I thank my colleagues Simon Donnelly, Jeff Guy, Stefan Ploch, Stephanie Rudwick and Nhlanhla Thwala for many helpful discussions and three anonymous reviewers for important comments and suggestions. I gratefully acknowledge the contribution of various mother tongue speakers, in particular Dudu Gama, Watson Lekalake, Hillary Modimoeng, and Nolutando Xate. A special thanks goes to Dori Posel for her help with this article.
On the relation between noun prefixes and grammaticalisation in Nguni relative clauses*
Version of Record online: 28 JUN 2006
Volume 60, Issue 2, pages 220–249, August 2006
How to Cite
Zeller, J. (2006), On the relation between noun prefixes and grammaticalisation in Nguni relative clauses. Studia Linguistica, 60: 220–249. doi: 10.1111/j.1467-9582.2006.00138.x
- Issue online: 28 JUN 2006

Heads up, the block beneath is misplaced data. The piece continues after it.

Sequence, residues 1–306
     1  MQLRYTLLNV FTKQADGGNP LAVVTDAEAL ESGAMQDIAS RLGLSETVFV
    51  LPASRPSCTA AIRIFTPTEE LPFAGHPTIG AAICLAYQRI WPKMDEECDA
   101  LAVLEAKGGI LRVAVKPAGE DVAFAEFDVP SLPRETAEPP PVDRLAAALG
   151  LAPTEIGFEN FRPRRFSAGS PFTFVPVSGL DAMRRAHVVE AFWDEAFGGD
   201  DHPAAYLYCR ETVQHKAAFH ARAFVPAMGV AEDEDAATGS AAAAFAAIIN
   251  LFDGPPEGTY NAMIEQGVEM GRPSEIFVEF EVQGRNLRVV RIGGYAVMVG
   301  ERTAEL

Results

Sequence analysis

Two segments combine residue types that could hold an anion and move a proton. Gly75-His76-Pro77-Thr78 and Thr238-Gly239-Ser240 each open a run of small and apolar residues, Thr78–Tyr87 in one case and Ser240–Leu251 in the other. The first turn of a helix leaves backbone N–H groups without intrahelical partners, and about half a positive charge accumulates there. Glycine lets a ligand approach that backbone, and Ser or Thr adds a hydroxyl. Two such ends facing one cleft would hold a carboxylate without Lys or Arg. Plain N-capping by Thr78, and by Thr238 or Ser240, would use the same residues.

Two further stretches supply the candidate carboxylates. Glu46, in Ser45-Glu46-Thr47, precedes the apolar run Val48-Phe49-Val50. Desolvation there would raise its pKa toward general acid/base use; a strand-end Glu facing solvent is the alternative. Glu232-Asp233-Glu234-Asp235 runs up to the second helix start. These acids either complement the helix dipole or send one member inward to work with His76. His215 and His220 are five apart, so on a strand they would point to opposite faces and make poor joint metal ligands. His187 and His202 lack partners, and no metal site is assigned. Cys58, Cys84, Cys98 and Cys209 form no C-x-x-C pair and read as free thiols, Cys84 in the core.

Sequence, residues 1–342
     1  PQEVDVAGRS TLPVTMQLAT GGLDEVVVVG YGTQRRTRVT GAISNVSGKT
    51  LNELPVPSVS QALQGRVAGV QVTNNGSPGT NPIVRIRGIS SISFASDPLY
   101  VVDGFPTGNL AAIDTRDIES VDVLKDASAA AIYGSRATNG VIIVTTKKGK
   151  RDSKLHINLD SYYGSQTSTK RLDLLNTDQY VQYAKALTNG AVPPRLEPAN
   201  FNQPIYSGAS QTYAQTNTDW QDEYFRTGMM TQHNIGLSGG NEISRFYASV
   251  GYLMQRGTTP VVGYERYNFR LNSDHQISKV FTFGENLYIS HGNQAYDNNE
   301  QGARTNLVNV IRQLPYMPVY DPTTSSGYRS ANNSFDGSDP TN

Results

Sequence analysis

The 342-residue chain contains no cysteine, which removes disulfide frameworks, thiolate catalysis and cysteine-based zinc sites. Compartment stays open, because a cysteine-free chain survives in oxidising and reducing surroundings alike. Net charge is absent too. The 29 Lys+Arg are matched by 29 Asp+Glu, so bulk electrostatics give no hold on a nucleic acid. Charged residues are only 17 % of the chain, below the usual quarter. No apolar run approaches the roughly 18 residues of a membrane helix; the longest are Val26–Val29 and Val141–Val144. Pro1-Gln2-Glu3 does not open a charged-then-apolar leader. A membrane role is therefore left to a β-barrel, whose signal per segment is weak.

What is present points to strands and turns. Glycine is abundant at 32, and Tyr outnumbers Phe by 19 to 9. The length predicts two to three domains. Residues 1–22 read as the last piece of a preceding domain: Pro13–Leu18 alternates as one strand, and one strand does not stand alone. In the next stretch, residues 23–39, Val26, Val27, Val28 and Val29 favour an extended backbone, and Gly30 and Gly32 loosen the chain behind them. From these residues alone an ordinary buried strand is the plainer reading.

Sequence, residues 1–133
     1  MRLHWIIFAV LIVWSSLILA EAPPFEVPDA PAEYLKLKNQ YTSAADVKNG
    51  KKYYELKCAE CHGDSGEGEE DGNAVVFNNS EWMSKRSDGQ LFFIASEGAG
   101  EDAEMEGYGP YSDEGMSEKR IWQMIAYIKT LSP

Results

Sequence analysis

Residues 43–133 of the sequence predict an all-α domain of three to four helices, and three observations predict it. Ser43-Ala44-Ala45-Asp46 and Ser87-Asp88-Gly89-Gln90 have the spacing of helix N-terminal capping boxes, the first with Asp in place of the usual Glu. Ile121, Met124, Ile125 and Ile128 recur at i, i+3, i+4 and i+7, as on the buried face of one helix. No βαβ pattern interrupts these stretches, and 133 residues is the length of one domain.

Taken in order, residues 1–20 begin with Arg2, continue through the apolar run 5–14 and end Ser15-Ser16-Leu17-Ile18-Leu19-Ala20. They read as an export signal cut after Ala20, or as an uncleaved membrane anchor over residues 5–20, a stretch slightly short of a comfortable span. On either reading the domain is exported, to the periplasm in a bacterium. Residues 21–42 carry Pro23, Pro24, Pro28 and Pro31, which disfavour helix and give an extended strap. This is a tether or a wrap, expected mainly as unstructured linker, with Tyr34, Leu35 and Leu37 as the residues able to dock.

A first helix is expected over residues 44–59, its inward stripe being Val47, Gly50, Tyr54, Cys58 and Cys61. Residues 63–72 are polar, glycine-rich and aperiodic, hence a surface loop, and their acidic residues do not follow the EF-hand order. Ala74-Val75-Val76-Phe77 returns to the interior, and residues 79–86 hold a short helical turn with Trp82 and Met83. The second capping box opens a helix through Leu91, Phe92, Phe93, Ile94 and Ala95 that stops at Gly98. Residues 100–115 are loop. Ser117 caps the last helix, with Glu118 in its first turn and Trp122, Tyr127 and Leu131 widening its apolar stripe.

- Version of Record online: 28 JUN 2006
- Received August 19, 2004 Accepted January 18, 2005
Abstract. This paper discusses morphological and syntactic aspects of relative clauses in two related Southern Bantu language groups. In Sotho-Tswana, object relative clauses are formed by means of clause-initial relative complementisers which agree with the head noun. In contrast, object relatives in the Nguni languages are formed by means of relative concords which are attached to the relative clause predicate and express agreement with the subject. I suggest that the Nguni relative concords are the result of a grammaticalisation process in which early Nguni relative complementisers first turned into clitics and then into relative concords. On the basis of a detailed analysis of this process I further argue that the syntactic difference between Sotho-Tswana and Nguni relative clauses is correlated with a morphological difference between nouns in these languages.